Founder’s Note: When I first started HelloFlo, my ambitions were small. I wanted an easy way to simplify periods. Since starting this journey almost 2 years ago, my business and mission have changed significantly. The reason is that I heard from you – the HelloFlo community. This community is diverse. There are 10 year old girls writing into Dr. Flo, 42 year old women entering peri-menopause, and single fathers trying to connect with their daughters. And there’s another group in this community that doesn’t get a whole lot of attention – women and men, boys and girls, who are transgender and living in bodies that don’t always feel right to them.
One person like that is a young man named Cal. I was first introduced to him about a month ago and wanted to be able to provide a place for him to tell his story. As a 42 year-old cis woman, I am the first to admit I don’t know much about the experience of transgender youth and adults. But I believe it’s my responsibility to learn. I hope you’ll join me on this journey and welcome Cal into your life and into our community.
Once upon a time, there was a beautiful woman with a beautiful name, but most of the time I just like to call her Mom. On a lovely summer night in 1996, this beautiful woman was looking beautiful in a very different way than usual, because she was, well, giving birth to me (thanks Mom).
After what I can only imagine was several hours of pain and yelling and sweating, a baby was born. The doctor picked me up, looked between my legs and shouted, “Congratulations! It’s a girl!” My mom probably cried, a) because she just spent 10+ hours in excruciating agony, and b) because she finally had the little girl she’d always wanted.
Or so she thought.
When a baby is born in a hospital, a doctor will often follow this routine. And a lot of the time, that doctor will be right. For example, if a baby with a penis is born, and the doctor shouts, “Congratulations! It’s a boy!” and that baby grows up, lives, and identifies as a man, then he is cisgender. The gender the doctor assigned him at birth matches the gender with which he identifies. Most people in the world are cis.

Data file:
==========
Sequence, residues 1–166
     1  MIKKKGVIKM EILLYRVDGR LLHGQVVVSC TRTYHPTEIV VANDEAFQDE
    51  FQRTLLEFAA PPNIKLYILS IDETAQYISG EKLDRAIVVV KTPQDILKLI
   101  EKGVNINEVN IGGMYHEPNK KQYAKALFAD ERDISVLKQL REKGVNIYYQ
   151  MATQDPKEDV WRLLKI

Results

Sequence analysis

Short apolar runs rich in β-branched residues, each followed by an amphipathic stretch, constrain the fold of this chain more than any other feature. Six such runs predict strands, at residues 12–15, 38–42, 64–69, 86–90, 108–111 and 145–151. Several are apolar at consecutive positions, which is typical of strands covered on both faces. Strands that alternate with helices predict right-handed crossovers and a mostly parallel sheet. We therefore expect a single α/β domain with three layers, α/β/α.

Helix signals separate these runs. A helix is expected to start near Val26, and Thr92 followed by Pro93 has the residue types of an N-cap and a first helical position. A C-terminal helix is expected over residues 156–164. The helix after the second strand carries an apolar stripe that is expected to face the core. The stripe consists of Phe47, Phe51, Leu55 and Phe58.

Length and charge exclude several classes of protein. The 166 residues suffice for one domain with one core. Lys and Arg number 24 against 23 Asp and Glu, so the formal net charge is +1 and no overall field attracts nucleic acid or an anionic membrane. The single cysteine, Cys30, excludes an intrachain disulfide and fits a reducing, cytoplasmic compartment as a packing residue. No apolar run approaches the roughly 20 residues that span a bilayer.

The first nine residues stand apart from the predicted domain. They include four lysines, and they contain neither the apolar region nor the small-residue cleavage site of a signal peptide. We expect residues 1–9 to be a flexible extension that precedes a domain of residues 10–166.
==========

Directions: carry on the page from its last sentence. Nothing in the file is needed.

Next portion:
But sometimes, the doctor is wrong. If that baby with a penis were to live and identify as a woman, then she would be transgender. The gender the doctor assigned her at birth does NOT match the gender with which she identifies.
Society has this belief that a person’s sex determines their gender, but that isn’t the case. To put it simply, a person’s sex is what’s between their legs, while their gender is what’s between their ears. Their sex is their genitals, while their gender is their mind: how they perceive themselves and the world. When it comes to me, I was assigned female at birth, but I identify as a man.
I had a feeling I was trans for a long time, but I tried to ignore those thoughts because I thought it’d make my life easier. But the summer before my senior year, I found myself at a crossroads. In less than a year I’d be starting college, and amidst the questions about what major I’ll pursue, or what job I’ll have, one question kept sneaking up on me: Can I really spend the next 70 years of my life being perceived as a girl? And once I stopped ignoring that question, stopped attempting to think about anything and everything else, the answer, I finally found, was no. I had to live my life authentically and unapologetically. I had to start being who I really am.